Asterisk is an open source Personal Branch Exchange (PBX) system.
Like any PBX, it allows a number of attached telephones to make calls to one another, and to connect to other telephone services including the public switched telephone network (PSTN). A PBX also allows things like automated attendant, to creates messages that say “Press 1 to talk to a operator” and so on 😉
The O’Reilly book, Asterisk: The Future of Telephony will walk you through the process of configuring your first Asterisk system. From the book introduction page:
Many organizations are drawn to Internet telephony’s promise of cost savings, and its ability to move data, images, and voice traffic over the same connection. Asterisk, an open source system than runs on Linux (and *BSD), offers the best option. This guide covers installing, configuring, and integrating Asterisk with existing phone systems, without the need for additional hardware.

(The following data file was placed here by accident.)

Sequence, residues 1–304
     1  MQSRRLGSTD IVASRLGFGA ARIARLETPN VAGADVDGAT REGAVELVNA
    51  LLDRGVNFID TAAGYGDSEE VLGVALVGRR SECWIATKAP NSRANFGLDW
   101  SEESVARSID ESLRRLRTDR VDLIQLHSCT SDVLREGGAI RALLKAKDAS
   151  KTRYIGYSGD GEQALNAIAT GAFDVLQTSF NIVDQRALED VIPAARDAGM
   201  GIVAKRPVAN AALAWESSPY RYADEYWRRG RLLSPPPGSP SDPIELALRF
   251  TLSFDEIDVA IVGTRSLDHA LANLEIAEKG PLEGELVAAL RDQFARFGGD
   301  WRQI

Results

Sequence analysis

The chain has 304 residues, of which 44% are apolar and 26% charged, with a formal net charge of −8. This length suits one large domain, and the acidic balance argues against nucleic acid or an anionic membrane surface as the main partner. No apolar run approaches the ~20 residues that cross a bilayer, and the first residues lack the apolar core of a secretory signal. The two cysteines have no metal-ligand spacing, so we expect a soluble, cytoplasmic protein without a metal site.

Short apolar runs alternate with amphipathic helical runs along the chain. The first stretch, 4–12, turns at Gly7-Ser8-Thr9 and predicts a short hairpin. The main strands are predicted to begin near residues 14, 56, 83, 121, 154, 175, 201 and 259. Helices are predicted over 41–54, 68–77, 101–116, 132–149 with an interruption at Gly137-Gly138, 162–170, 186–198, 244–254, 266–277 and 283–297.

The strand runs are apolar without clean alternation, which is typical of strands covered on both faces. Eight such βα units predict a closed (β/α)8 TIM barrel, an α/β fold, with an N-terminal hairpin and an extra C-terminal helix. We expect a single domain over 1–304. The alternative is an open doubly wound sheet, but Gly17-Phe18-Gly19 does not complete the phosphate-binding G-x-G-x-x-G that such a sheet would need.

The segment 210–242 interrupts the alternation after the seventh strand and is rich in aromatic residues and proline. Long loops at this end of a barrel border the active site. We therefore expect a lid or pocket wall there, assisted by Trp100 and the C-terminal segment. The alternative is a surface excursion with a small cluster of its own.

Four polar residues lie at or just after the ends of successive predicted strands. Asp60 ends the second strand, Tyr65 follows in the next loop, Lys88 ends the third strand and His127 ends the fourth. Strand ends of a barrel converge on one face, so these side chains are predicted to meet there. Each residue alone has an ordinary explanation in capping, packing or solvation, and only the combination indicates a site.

Asterisk’s flexibility comes at a price, however: it’s not a simple system to learn, and the documentation is lacking. Asterisk: The Future of Telephony solves that problem by offering a complete roadmap for installing, configuring, and integrating Asterisk with existing phone systems. Our guide walks you through a basic dial plan step by step, and gives you enough working knowledge to set up a simple but complete system.
This book is published under the Creative Commons license.
Download Asterisk: The Future of Telephony PDF book (size 4.4M). Or try local mirror.